DairyNZ chair, Jim van der Poel, claims the HWEN proposal is a win-win for all New Zealanders.
Earlier this month, the Government declined an application by the dairy sector for 500 skilled workers from overseas.
Federated Farmers immigration spokesman Chris Lewis says the Government is set to deliver its budget this week, aiming to grow the pie and reduce debt.
“For that they would need the economy to grow, but how can you with your biggest export sector facing a worker shortage,” Lewis told Rural News.
He says farmers will continue to advocate on the issue, hoping the Government realises how worrying the situation is.
Federated Farmers and DairyNZ applied in March for 500 overseas workers after an industry-wide survey to gauge the level of worker shortage.
The industry had agreed on the number of hours of work per week, to pay workers a minimum wage of $25/hour and pay managed isolation and quarantine (MIQ) costs.
Lewis says while there is anecdotal evidence of more workers needed in the industry, the sector settled for a bare minimum 500. He points out that on the Farm Source website, there are 1,290 vacancies for farm workers, with more vacancies posted on Facebook where young people hang out.
Lewis says the sector will continue to have robust discussions with Agriculture Minister Damien O’Connor and the Government on the issue.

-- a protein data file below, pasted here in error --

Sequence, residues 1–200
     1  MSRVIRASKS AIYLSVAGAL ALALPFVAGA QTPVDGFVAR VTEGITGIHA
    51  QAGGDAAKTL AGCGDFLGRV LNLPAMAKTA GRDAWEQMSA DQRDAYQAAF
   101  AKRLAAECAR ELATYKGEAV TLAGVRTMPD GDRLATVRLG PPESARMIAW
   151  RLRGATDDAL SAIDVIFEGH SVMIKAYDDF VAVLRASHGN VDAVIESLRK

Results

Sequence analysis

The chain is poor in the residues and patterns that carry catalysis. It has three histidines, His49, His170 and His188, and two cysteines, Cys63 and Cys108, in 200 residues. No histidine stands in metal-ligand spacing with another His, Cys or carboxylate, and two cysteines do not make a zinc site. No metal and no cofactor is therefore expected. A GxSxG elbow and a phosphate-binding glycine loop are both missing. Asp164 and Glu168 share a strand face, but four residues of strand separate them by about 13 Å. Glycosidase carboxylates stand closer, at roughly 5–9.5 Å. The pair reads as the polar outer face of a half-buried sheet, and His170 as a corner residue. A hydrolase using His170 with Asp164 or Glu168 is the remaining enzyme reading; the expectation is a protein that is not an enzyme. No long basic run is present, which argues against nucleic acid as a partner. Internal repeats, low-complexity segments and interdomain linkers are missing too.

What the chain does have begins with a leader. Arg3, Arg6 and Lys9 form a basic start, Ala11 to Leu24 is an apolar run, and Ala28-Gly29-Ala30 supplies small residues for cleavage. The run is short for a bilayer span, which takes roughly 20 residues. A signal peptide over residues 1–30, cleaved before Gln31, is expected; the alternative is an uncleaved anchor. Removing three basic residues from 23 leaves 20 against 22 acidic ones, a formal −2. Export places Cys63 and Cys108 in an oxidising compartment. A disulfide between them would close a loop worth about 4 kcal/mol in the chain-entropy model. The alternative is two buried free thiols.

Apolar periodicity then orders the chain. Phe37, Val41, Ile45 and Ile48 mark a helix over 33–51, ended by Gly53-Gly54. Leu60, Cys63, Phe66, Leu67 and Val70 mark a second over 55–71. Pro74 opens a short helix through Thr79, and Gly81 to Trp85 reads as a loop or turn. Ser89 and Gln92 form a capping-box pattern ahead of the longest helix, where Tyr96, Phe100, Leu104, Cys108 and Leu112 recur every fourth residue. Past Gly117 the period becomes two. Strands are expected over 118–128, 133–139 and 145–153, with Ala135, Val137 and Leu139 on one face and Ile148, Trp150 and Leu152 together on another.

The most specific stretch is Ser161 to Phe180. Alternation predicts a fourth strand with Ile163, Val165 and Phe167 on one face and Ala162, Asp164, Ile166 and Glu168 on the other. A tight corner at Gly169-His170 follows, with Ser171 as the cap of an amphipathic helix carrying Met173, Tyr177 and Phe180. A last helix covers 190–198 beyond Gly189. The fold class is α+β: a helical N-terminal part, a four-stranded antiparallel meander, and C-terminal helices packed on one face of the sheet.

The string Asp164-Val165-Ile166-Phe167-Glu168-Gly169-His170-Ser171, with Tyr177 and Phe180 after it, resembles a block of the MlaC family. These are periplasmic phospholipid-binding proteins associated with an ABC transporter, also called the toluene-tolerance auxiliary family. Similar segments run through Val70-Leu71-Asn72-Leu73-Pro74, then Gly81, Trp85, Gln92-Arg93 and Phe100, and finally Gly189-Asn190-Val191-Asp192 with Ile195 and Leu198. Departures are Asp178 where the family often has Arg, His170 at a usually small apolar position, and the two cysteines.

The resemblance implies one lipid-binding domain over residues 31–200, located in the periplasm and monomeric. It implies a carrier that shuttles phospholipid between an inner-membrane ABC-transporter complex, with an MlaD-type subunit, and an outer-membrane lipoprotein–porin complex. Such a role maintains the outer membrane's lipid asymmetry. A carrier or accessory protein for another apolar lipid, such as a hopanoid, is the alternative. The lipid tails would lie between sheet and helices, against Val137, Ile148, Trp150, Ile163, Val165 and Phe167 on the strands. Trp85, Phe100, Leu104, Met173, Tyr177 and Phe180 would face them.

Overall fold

DairyNZ chief executive Tim Mackle says having the Government application declined is disappointing and essentially lets farmers down, just as the sector heads into its peak period.
“We have real concerns for this season, including animal welfare, farmers working longer hours, increased stress and mental wellbeing issues,” says Mackle.
“DairyNZ continues to work hard to resolve long-term workforce issues. However, we have an immediate workforce crisis this season, due to Covid border closures. This decision is a blow to the sector.”
DairyNZ is pushing the Government to process the residency applications of those farm workers already in the country.
A recent joint DairyNZ-Federated Farmers labour survey emphasised that farmers are short staffed, with 49% of respondents stating they are currently short staffed and 58% of them experiencing increased stress levels.
National’s agriculture spokesman David Bennett has accused the Government of setting up the dairy sector to fail.
“The dairy sector has provided evidence of large scale skill deficiencies and the need for migrant labour,” says Bennett. “However, the Minister of Agriculture ignores this advice and instead focuses on tightening the Government’s grip on the dairy industry workforce.”